South Korean central bank chief reiterated that a rate cut option isn’t on the table in spite of the unexpected fall in the gross domestic product (GDP) in the first quarter that has unleashed skepticism about Asia’s fourth largest economy.
“Our stance is unchanged,” said Bank of Korea Governor Lee Ju-yeol told reporters on Wednesday on the sidelines the annual meeting of finance ministers and central bank governors of 10 Association of Southeast Asian Nations (ASEAN) plus three Northeast Asian countries in Fiji.
“The mood would change after the second-quarter (GDP) data,” he added.
In a monetary policy meeting in April, Lee had struck down market speculation about a rate cut against deteriorating economic conditions after the U.S. Federal Reserve hinted a hiatus in rate normalization.
The debt market has been rallying on bets that rates in Korea would go lower with the three-month government bond yield falling below the policy rate of 1.75 percent. The Korean won on Tuesday fell to fresh low of 1,168.2 against the U.S. dollar.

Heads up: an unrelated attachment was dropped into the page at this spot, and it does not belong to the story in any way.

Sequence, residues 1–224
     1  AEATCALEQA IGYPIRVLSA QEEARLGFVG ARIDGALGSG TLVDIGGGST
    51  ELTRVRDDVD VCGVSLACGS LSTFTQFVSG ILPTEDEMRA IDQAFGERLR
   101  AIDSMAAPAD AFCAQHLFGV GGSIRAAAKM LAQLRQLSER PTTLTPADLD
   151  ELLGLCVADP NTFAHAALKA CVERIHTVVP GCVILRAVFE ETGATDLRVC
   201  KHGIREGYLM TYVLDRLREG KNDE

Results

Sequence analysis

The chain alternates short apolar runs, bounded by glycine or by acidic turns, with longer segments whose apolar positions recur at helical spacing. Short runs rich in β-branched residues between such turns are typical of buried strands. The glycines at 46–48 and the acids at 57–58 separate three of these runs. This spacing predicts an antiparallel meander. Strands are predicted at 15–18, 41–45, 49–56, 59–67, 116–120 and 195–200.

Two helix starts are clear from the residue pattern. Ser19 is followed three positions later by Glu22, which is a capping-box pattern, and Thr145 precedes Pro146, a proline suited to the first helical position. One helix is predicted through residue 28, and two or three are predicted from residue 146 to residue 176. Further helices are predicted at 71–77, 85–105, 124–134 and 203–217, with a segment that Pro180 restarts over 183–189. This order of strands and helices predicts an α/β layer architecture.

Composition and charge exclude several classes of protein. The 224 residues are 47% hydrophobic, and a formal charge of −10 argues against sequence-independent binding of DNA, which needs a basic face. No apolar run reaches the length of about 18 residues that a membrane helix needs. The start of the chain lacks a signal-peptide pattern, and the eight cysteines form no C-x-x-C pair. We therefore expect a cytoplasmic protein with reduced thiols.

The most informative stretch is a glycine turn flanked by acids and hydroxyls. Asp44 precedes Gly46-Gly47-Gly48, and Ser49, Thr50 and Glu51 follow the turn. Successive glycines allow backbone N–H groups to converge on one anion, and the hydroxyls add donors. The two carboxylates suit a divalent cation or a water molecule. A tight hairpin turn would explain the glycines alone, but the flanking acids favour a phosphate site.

Korea received upset with the GDP dropping 0.3 percent in the first quarter on quarter and gaining 1.8 percent on year, far below the central bank target of 2.5 percent.
Lee claimed the market was going “too far ahead”, adding that the economy can rebound on record fiscal spending. The market, however, went on its way, with the three-year government yield falling 2.9 basis points from the previous session to finish the morning trade at 1.728 percent. The next policy meeting falls on May 31.
Lee remained cautious about the recovery in the nation’s industrial data for March, but interpreted the turnaround in the country’s consumer and business sentiment in April as another positive sign. He also maintained his expectation that the global chip demand would improve in the latter half of this year.
By Kim Yeon-joo and Choi Mira
[ⓒ Pulse by Maeil Business Newspaper & mk.co.kr, All rights reserved]